GE Healthcare, acib partner for cell line engineering research
GE Healthcare has established a cell line engineering research collaboration with the Austrian Centre of Industrial Biotechnology (acib), in a bid to help biomanufacturers increase their productivity.
The three-year partnership will carry out research and identify new tools and methods to modify and enhance the Chinese hamster ovary (CHO) cell line performance.
Cell lines are said to serve as a single component to produce biopharmaceuticals, as they set limits for the product yield and quality resulting from a biomanufacturing run.
CHO cell lines, which are commonly used as hosts for industrial production of therapeutic proteins, have been not preferred in the industry as the technical support is limited and regulatory environment is demanding.
With the introduction of new gene editing and analytical tools, the firms can explore how cells behave and respond to different process conditions, and develop improved starter cell lines accordingly.
The collaboration intends to reduce the need for clone screening, recognize suitable tools for cell line engineering and gather more information about cellular mechanisms to determine cell line efficiency.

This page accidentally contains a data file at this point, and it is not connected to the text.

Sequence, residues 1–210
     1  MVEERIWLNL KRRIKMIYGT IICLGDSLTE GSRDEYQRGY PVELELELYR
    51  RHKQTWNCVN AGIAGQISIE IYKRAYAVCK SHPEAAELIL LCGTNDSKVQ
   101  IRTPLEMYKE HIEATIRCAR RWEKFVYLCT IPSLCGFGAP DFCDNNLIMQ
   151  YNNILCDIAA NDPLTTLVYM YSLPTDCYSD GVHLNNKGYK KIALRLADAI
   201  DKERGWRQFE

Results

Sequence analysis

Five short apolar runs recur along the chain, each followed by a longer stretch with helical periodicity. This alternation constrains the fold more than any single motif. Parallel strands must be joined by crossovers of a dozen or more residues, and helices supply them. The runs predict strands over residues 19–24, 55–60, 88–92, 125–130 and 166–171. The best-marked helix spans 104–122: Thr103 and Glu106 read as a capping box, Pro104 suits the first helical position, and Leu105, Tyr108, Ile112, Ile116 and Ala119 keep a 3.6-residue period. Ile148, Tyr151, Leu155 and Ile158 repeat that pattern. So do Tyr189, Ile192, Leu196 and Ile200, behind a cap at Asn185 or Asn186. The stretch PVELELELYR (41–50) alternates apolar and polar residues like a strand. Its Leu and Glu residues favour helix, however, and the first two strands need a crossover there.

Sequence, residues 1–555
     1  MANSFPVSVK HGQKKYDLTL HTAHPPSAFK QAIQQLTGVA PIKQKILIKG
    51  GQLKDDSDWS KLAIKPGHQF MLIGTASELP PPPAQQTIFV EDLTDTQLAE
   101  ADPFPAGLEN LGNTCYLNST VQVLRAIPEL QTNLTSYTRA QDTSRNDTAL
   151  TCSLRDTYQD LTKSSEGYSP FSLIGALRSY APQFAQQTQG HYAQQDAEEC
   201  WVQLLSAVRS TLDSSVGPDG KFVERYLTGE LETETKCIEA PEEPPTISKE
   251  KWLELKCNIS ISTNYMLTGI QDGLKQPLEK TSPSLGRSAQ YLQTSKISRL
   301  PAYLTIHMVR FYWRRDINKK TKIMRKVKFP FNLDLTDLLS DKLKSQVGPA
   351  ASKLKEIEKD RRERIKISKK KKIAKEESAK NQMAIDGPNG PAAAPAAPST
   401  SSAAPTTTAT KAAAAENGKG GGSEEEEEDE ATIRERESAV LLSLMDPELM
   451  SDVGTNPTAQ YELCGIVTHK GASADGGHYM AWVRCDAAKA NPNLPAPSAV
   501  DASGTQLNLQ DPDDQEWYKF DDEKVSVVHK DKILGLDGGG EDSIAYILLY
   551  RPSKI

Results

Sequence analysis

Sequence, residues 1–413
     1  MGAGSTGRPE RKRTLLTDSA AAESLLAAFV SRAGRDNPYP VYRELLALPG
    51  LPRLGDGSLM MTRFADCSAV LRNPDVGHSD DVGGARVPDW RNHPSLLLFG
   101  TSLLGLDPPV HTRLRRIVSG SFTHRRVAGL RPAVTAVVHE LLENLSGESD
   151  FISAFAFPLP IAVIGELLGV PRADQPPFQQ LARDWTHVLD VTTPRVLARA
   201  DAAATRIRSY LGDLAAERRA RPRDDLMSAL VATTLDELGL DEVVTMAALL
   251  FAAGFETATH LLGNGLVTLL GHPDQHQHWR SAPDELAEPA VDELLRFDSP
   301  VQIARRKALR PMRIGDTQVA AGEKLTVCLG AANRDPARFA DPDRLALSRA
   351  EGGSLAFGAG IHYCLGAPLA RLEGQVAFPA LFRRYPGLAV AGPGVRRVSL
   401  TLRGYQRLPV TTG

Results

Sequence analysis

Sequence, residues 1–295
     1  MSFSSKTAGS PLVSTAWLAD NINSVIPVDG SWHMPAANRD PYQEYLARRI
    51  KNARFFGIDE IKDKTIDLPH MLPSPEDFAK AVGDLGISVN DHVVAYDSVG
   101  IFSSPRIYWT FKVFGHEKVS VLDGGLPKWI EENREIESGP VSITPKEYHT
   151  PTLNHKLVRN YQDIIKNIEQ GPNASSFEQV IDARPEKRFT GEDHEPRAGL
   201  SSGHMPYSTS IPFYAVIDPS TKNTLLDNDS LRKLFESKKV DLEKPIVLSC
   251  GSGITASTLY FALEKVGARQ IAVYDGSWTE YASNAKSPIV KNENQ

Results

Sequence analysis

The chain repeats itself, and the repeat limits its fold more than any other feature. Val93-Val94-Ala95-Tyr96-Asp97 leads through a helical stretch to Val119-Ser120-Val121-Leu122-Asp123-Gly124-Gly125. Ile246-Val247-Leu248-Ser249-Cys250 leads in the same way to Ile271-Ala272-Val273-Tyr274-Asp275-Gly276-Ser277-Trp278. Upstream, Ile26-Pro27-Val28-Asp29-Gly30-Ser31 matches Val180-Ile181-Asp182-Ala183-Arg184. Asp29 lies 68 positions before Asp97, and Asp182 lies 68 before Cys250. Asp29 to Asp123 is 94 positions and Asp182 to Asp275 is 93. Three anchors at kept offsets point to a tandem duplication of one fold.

The partnership will focus on carrying out basic research in this area in the first phase, while pre-engineered host cell line library will be created in the long-term.
Biopharma producers can select the most suitable cell line from the library to use in the production of any specific biopharmaceutical with speed and quality.
BOKU University professor, acib area leader and project incharge Nicole Borth said: “With the new analytical tools that genome sequence information along with different –omics technologies (such as transcriptomics) provide, we begin to understand precisely how cellular performance is regulated and how it works in detail.”
GE Healthcare Life Sciences upstream and cell culture general manager Morgan Norris said: “While the biopharma industry is growing quickly, lack of access to biologic drugs is commonplace in many countries partly due to the complex and time-consuming production methods.”
Image: The partnership seeks to recognize suitable tools for cell line engineering. Photo: courtesy of General Electric.